7forASecret_FRONT_REV (2)It’s the year 2000, and twenty-four-year-old Kate moves into a new apartment to find a new state of independence in a new millennium. A former 1920s hotel, Camden Court has housed many lonely lives over the decades—and is where a number of them have come to die. They’re not all resting in peace, however, including ninety-year-old Olive, who dropped dead in Kate’s apartment and continues to make her presence known. For Olive has a secret she’s dying to tell, one linking her to the sex, scandal, and sacrifice of a young dreamer named Lon. As the past haunts the present, Kate’s modern-day love life becomes entwined with Lon’s Jazz Age tragedy. 

In the 1920s storyline of Seven for a Secret, two Chicago socialites (Lon Ashby and Eva Hughes) struggle to find love and identity in their opulent, oppressive world. This scene follows Eva as she continues to go through the motions of her milieu after marrying Finlay Redcliffe.

Silver spoons clanked against delicate white china as Eva’s luncheon party cooled their tea in the secluded Palm Court lobby of the Drake Hotel.

The harpist’s flourishing notes helped drown out some of the dull murmuring surrounding her on this All Saint’s Day, but it couldn’t quite cancel out her own little group: her mother, sister, and mother- and sister-in-law.

Drake1 (2)Virgie, Finlay’s older sister, had a high nasally voice and the terrible tendency to end every laugh with a loud hum, serving as some sort of bridge to return her pitch from high to low. Mrs. Redcliffe—the other Mrs. Redcliffe, Finlay’s mother—was similarly affected with the need to place emphasis on the fourth word of every sentence she spoke. Eva sat with impeccable posture, stirring her tea and observing the effect her mother-in-law had on Eva’s own mother, who’d taken to crafting her responses with emphasis on the second word of nearly every sentence.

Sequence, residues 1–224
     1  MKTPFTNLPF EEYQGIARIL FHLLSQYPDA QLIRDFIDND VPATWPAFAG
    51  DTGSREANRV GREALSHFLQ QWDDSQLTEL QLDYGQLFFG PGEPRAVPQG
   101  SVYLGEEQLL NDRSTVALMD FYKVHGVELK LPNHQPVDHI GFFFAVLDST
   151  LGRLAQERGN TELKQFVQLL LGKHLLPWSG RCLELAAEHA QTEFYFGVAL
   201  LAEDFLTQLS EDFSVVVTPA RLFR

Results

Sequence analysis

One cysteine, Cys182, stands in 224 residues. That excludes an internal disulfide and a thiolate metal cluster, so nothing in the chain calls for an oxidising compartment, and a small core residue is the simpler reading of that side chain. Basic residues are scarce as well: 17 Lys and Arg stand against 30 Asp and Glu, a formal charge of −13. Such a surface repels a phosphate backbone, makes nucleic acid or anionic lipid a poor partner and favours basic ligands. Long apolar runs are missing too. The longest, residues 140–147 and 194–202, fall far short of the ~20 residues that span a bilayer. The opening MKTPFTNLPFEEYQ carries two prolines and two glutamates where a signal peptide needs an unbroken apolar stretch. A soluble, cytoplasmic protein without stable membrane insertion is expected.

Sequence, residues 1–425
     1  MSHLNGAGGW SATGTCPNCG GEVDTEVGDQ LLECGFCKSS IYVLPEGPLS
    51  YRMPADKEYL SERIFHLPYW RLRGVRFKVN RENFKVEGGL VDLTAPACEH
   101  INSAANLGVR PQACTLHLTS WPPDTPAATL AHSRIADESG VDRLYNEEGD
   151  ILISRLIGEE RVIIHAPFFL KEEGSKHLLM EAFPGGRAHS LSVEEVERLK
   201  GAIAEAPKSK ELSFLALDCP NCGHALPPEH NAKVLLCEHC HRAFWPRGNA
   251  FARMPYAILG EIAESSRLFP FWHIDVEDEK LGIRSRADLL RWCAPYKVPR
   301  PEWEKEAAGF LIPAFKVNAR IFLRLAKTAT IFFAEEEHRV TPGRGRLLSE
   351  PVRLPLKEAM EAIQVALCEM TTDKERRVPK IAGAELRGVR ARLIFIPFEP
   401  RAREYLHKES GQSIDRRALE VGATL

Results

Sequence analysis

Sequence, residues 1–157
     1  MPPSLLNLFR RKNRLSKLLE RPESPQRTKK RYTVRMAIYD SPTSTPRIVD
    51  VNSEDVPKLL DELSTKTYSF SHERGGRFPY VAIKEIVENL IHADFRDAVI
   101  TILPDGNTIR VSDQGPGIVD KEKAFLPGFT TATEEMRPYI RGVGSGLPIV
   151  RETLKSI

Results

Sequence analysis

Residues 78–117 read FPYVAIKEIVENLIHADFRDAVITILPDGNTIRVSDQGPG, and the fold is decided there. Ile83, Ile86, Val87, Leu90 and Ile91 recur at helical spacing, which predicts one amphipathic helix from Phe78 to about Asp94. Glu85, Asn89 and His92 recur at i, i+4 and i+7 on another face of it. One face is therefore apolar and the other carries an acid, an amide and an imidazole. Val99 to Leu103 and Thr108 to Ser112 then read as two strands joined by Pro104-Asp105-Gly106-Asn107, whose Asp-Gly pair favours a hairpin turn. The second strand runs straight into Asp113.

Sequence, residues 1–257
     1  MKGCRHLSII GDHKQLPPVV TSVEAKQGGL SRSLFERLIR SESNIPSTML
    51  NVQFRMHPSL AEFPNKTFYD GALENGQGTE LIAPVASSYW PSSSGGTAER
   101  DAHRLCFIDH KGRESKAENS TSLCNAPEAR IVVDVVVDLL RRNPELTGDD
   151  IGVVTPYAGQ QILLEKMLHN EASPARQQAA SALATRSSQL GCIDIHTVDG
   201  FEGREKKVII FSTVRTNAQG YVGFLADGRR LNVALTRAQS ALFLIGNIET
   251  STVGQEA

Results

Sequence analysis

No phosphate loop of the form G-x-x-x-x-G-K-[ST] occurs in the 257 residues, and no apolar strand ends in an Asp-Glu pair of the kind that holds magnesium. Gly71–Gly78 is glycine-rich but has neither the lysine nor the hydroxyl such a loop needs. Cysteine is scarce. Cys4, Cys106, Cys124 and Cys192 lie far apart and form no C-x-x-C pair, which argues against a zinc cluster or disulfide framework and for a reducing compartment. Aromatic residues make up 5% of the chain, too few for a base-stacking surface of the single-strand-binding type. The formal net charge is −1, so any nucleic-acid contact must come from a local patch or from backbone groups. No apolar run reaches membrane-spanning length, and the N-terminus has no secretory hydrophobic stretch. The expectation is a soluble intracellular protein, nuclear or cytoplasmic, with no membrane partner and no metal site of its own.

Ollie, on the other hand, just sat mutely munching through all the cucumber finger sandwiches, back hunched and feet swinging under the table even though she had to lift her knees to keep from skimming the floor. She’d already kicked Virgie once, which Eva hoped was accidental. Nonetheless, Eva touched a white-gloved hand to Ollie’s lap now and then as a signal to rein in her spastic limbs.

“I had the most divine tea last week at the Walnut Room,” Mrs. Redcliffe tittered on. “The cake was exquisite. I am positively certain the recipe still includes brandy.”

“That does sound decadent,” Mrs. Hughes replied. “We must make a point to go down to Marshall Field’s this week, Evie, before the masses descend at Christmastime. It’s most hospitable with its tea rooms.”

Yes, Mother,” Eva said, playing a private game of stressing the first word of her sentences, confident they’d never notice. “I agree. It is the last word in accommodating gentlewomen in this city. Positively charming.”

“Indeed, you are quite right there,” said Mrs. Redcliffe.

“I couldn’t agree more,” said Mrs. Hughes.

Quite unequivocally true,” said Eva.

Drake2 (2)“Ha, ha-ha, ha-ha! Hmmm,” giggle-hummed Virgie. “Charles told me the funniest story that happened in the Men’s Grill Room there recently…”

Ollie chomped on watercress, mentally checked out of the lofty lounge and, Eva knew, roaming the landscape of her even richer imaginary life.

As Virgie told her story, Eva tapped her spoon at the edge of her teacup, watching it flick creamy drops off its egg-shaped bowl. It reflected the glittering lights of the crystal chandeliers overhead, gleaming just like the silver spoons everyone in that room had held in their mouths since birth. Eva wanted to choke on hers.